On the Social Suicide of Parenthood

On my birthday (I know, months ago, bad blogger, no biscuit, etc.), my dandy friend Alastair asked me how old I was. When I told him (28), he responded, “In gay years, you’re ancient!” (It’s worth noting that he’s older than I am, although not by much.) I replied, to much laughter, “Darling, I had a kid; I committed gay suicide.” Flip, true, but it lives in the comedic intersection of truth and pain. Not that this isn’t anything I expected; I planned my exit from the world of romantic possibility consciously, but every once and a while, the hope/despair combo rises in my gorge again. It’s something I disliked about my disposition pre-fatherhood, but when it started raising its ugly head again recently, it was in a slightly different light.

Again, to be clear, it’s not like I am surprised by the fact that I don’t have the option of dating anymore now that I’m a father. I made as much peace as I could with that before I even started the adoption process. But in the last month or so, I’ve been broody about romance. And it’s easy to start blaming the lack of any action on that front on the fact that I live in babyland now. I have to consciously remind myself that it’s not like there were boys beating down my door before O came into the picture; in fact, there was rarely even a hint of possibility. My only post-college boyfriend was someone I didn’t even like very much at the time, and I nursed a crush on an unobtainable and unsuitable man for years. In the last year, the person who has intrigued me the most is a college student who lives in New York, which would be untenable and inappropriate even without the complications of fatherhood.

On the friendship front, my friend Chanel wrote an excellent post about falsifying happiness for friends who are going through big life transitions and may be leaving you behind. And it’s true. I just told a friend from the West coast who is coming to NYC that I probably won’t be able to go down and see him during the week that he’s on this coast. I’m going to book club tonight with O, but in the future I’m going to need to find a sitter if I want to go even to this low-key thing. Not that I was such a social butterfly before, but there’s a real loss of possibility, and therefore a loss of connection. I can’t leave the house without either a meticulously packed bag of supplies for O or a sitter. The fact that I wasn’t so good at planning and executing the things that go into maintaining social relationships means that another logistical barrier can be a bridge too far.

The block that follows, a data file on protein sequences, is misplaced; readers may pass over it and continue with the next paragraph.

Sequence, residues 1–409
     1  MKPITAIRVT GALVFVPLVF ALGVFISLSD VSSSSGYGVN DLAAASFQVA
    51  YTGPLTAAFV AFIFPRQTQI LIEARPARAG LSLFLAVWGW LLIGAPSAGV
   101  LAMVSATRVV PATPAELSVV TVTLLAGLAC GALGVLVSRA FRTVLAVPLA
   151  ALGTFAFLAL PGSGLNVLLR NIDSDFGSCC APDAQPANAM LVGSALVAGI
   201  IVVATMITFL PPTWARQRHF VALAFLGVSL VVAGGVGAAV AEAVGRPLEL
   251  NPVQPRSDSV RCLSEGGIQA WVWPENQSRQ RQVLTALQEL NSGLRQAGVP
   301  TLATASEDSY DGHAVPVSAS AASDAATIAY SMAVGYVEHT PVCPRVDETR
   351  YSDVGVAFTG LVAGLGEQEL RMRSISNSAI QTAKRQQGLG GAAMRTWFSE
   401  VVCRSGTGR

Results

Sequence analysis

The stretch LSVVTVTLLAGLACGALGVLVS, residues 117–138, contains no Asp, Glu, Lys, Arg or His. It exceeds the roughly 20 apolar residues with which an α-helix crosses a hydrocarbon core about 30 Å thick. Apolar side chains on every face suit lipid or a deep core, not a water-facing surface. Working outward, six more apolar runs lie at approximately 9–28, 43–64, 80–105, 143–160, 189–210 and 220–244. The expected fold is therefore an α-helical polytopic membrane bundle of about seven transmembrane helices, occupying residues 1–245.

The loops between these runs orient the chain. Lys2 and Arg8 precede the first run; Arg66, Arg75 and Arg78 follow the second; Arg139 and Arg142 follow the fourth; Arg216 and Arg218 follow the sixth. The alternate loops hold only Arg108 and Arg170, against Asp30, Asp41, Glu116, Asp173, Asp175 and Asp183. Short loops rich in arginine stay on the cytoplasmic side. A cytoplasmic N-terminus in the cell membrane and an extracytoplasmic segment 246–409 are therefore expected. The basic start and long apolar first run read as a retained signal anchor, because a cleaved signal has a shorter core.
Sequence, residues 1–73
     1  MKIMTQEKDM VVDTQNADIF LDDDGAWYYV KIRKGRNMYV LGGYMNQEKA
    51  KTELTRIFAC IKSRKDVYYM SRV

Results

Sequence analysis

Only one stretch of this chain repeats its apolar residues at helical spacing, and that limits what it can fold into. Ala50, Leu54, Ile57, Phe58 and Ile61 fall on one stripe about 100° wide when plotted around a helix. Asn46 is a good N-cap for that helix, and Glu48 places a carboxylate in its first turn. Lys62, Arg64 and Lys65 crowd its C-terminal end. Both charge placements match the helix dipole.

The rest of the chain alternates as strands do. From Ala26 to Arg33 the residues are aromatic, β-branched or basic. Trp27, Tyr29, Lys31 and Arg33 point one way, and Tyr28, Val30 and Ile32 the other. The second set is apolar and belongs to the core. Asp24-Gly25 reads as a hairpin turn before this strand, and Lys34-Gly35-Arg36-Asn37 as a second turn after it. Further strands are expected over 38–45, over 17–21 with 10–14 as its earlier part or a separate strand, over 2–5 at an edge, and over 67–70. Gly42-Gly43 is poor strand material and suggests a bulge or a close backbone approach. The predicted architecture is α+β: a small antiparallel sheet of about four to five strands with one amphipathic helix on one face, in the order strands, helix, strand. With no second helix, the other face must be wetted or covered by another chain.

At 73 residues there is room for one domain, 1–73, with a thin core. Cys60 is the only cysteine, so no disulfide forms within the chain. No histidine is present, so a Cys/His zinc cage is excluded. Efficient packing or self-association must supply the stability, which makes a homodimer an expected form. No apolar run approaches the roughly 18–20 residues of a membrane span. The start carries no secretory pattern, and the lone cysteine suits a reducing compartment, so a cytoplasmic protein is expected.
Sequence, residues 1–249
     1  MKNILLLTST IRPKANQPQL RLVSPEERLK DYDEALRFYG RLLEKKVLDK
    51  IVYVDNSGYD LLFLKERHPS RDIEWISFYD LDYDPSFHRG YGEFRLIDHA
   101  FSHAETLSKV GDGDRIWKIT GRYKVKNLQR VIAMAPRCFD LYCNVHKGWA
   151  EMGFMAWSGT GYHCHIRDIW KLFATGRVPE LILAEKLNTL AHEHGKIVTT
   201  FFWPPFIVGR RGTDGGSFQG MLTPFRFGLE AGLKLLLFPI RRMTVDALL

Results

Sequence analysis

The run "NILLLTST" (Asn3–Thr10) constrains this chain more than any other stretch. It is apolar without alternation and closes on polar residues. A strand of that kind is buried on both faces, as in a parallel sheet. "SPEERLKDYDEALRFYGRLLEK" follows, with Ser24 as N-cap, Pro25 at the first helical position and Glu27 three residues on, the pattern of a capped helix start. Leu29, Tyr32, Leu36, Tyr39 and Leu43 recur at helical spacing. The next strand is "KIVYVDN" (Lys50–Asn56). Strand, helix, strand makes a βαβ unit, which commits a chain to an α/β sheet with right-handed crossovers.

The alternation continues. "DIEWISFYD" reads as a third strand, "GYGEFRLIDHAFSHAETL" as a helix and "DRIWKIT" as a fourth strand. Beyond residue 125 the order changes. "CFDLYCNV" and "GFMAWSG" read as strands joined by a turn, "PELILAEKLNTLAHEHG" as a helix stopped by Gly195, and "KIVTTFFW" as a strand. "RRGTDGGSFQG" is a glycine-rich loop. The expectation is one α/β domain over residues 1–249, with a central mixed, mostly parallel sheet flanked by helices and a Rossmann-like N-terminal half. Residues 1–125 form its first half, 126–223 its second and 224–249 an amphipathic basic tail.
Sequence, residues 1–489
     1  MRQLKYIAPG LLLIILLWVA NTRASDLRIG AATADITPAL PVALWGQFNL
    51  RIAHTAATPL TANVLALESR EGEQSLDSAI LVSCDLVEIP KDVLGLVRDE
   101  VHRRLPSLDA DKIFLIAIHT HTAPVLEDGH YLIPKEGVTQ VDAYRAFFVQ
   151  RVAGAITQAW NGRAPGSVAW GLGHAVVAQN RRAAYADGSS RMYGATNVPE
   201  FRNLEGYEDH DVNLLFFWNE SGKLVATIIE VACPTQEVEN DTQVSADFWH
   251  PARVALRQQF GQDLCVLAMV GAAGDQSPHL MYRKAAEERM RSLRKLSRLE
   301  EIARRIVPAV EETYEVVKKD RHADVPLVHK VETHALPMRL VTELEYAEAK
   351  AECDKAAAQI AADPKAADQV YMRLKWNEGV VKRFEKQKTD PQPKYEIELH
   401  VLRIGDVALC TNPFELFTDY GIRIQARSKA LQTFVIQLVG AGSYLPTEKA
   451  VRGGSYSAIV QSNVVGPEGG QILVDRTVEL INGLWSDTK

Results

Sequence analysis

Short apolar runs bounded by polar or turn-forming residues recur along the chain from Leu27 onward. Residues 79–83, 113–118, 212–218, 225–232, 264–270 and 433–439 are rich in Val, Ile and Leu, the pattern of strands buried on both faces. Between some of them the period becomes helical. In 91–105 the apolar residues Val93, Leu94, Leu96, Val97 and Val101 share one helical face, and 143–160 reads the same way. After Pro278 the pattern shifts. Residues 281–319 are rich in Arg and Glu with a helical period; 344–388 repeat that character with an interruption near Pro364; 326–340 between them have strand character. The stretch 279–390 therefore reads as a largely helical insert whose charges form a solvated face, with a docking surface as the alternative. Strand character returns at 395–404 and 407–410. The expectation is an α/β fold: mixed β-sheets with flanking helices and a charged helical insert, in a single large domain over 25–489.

On the other hand, I am so lucky to live in a child-centric community. Although fatherhood has left me with even less time to work on my connection to Judaism, being one of many parents and people who love holding and caring for children has cemented me more in my faith community. When I am asked by a friend to go to the zoo, I can trust that, since she has two children of her own, my slowness and slip-ups are understood, and she can trust me to stay calm in the face of a three-year-old’s inevitable tantrum. As much as I resent the attitudes of a lot of the parents I meet in babyland (and that could be it’s whole own post…), I’m becoming a lot closer to my friends who are also parents. And that is a marvelous thing.

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One thought on “On the Social Suicide of Parenthood

  1. Alas, I don’t know any suitable young men to send your way, but on the non-dating front, we are looking forward to catching up with you at Institute, and are positively chomping at the bit to meet O! I hope you find parenthood brings you closer to some people–and I know I am not telling you anything you haven’t already figure out for yourself, but the asynchrony of the interwebs can be a parent’s best friend. (This is why mommyblogging is a Thing, after all.)

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